In conducting an audit, an auditor must obtain sufficient competent evidential matter through inspection, observation, inquiries, and confirmations to afford a reasonable basis for an opinion regarding the financial statements under audit. AU Sections 150.02 & 326.01.
Based on the foregoing, in connection with SmarTalk's year-end 1997 financial statements, PwC and Hirsch failed to obtain sufficient competent evidence (including sufficient management representations) in support of SmarTalk's accounting for its establishment of each component of the restructuring reserve and its charging 1997 expenses against the restructuring reserve that purportedly had been established for anticipated 1998 expenses.
Auditors must exercise due professional care in performing the audit and preparing the audit report. AU Sections 150.02 and 230.01.
Based on the foregoing, in connection with the audit of SmarTalk's 1997 year-end financial statements, PwC and Hirsch failed to exercise due professional care by failing to plan and perform audit procedures necessary to afford a reasonable basis for PwC's audit opinion. As described above, PwC and Hirsch identified a number of risk factors associated with the preparation of SmarTalk's financial statements. Despite PwC's and Hirsch's awareness of numerous risks and other information that could materially impact the financial statements, PwC and Hirsch failed to perform sufficient audit procedures to assess properly whether SmarTalk's accounting for and charges against its restructuring reserves was in conformity with GAAP. As a result, SmarTalk improperly established a non-GAAP restructuring reserve and, as described above, misused it to materially inflate earnings before one-time charges at year-end 1997.
In conducting an audit, an auditor is required to state in the auditor's report whether, in the auditor's opinion, the financial statements are presented in all material respects in conformity with GAAP. AU Sections 410 and 411. An auditor may express that the financial statements are presented in conformity with GAAP only when the auditor has formed such an opinion on the basis of an audit performed in accordance with GAAS. AU Section 508.07.
Based on the foregoing, in connection with the audit of SmarTalk's year-end 1997 financial statements, PwC and Hirsch failed to render an accurate audit report when they stated that SmarTalk's financial statements had been prepared in conformity with GAAP and the audit had been performed in accordance with GAAS. In fact, the financial statements were not in conformity with GAAP, and the audit was not performed in accordance with GAAS.
The failures of Hirsch, a PwC engagement partner and managing partner of PwC's Century City office, to comply with GAAS in the conduct of the audit bind and are imputed to PwC. Furthermore, it is appropriate to sanction and seek other relief from PwC for the audit failures because PwC, as set forth more fully above, made undocumented changes to its 1997 audit working papers and discarded other documents relevant to its audit.
Based on the foregoing, the Commission finds that PwC, through Hirsch in connection with the audit of SmarTalk's 1997 financial statements, engaged in improper professional conduct pursuant to Rule 102(e)(1)(ii) of the Commission's Rules of Practice. Specifically, PwC engaged in repeated instances of unreasonable conduct, each resulting in a violation of applicable professional standards.
In determining whether to accept the Offer, the Commission has considered the undertakings set forth in paragraphs 1 through 3, above.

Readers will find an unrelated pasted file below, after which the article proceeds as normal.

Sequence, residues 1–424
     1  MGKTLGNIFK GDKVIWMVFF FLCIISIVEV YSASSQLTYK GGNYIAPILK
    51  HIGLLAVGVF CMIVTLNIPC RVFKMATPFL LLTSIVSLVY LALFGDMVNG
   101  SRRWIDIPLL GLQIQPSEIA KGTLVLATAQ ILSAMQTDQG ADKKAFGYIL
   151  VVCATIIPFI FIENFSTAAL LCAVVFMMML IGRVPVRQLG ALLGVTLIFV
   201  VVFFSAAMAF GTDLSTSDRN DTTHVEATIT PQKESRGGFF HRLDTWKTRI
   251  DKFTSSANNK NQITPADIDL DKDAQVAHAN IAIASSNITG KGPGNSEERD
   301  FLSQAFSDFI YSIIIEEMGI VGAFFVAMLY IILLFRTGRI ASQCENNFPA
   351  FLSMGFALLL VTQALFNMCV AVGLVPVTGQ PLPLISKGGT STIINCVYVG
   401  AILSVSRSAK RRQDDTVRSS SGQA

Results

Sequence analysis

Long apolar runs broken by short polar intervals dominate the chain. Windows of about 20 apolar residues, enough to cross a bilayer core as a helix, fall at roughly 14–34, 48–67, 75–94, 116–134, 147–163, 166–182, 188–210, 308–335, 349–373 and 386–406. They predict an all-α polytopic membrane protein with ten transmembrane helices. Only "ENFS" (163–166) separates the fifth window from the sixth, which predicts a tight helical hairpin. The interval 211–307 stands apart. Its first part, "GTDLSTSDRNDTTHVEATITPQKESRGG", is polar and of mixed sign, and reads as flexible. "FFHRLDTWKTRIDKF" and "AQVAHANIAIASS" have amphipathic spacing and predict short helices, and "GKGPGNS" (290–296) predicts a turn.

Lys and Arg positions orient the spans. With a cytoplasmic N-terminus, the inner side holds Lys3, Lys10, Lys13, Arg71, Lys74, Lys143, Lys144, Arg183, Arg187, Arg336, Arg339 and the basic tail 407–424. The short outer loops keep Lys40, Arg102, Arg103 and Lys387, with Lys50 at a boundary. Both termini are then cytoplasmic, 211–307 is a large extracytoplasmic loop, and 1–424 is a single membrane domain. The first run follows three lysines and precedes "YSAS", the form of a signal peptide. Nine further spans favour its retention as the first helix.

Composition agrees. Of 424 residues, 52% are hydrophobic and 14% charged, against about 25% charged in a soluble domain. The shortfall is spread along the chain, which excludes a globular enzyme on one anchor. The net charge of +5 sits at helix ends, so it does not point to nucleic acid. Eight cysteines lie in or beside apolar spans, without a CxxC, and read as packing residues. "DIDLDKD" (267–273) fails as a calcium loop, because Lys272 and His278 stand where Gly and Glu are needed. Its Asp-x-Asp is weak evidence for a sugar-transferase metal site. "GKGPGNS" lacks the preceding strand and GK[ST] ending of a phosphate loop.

In view of the foregoing, the Commission deems it appropriate to impose the sanctions agreed to in Respondent's Offer.
Accordingly, IT IS HEREBY ORDERED, effective immediately, that PwC is censured pursuant to Rule 102(e)(ii) of the Commission's Rules of Practice.
By the Commission.
Jonathan G. Katz
|1||Rule 102(e)(1)(ii) provides, in relevant part, that:|
The Commission may censure a person or deny, temporarily or permanently, the privilege of appearing or practicing before it . . . any person who is found . . . to have engaged in . . . improper professional conduct.
|2||The findings herein are made pursuant to Respondent's Offer and are not binding on any other person or entity in this or any other proceeding.|
|3||In this Order, "PwC" refers to Price Waterhouse LLP before the merger and to PricewaterhouseCoopers LLP after the merger.|
|4||Concurrent with the settlement of this matter by PwC, the Commission issued a settled Order Instituting Public Administrative Proceedings in the Matter of Philip Hirsch.|
|5||PwC did not audit SmarTalk's quarterly financial statements.|
|6||Hirsch was not involved in this conduct.|
|7||Previously, the Commission issued an Order Instituting Proceedings Pursuant to Section 8A of the Securities Act of 1933 and Section 21C of the Securities Exchange Act of 1934, Making Findings and Imposing a Cease-and-Desist Order in the Matter of Glen Andrew Folck and also filed a complaint for a civil penalty against Folck.|
|8||A small portion of this component ($800,000) also related to SmarTalk's intention to terminate a contract with Polaroid in 1998, which was to produce holographic images on prepaid cards. The analysis of why the Polaroid contract termination fees were improper restructuring costs is similar to the analysis of the carrier contract termination costs.|
|9||PwC was named as a defendant in the class action shareholder lawsuit on September 21, 1998.|
|10||In response to the staff's request for documents, PwC voluntarily produced documents in February 1999, that included listings of computer files showing that certain working paper files had been accessed in early August 1998. However, PwC did not tell the staff until November 1999, that some working papers and other documents relating to PwC's audit report had been revised, created and discarded.|
|Home | Previous Page||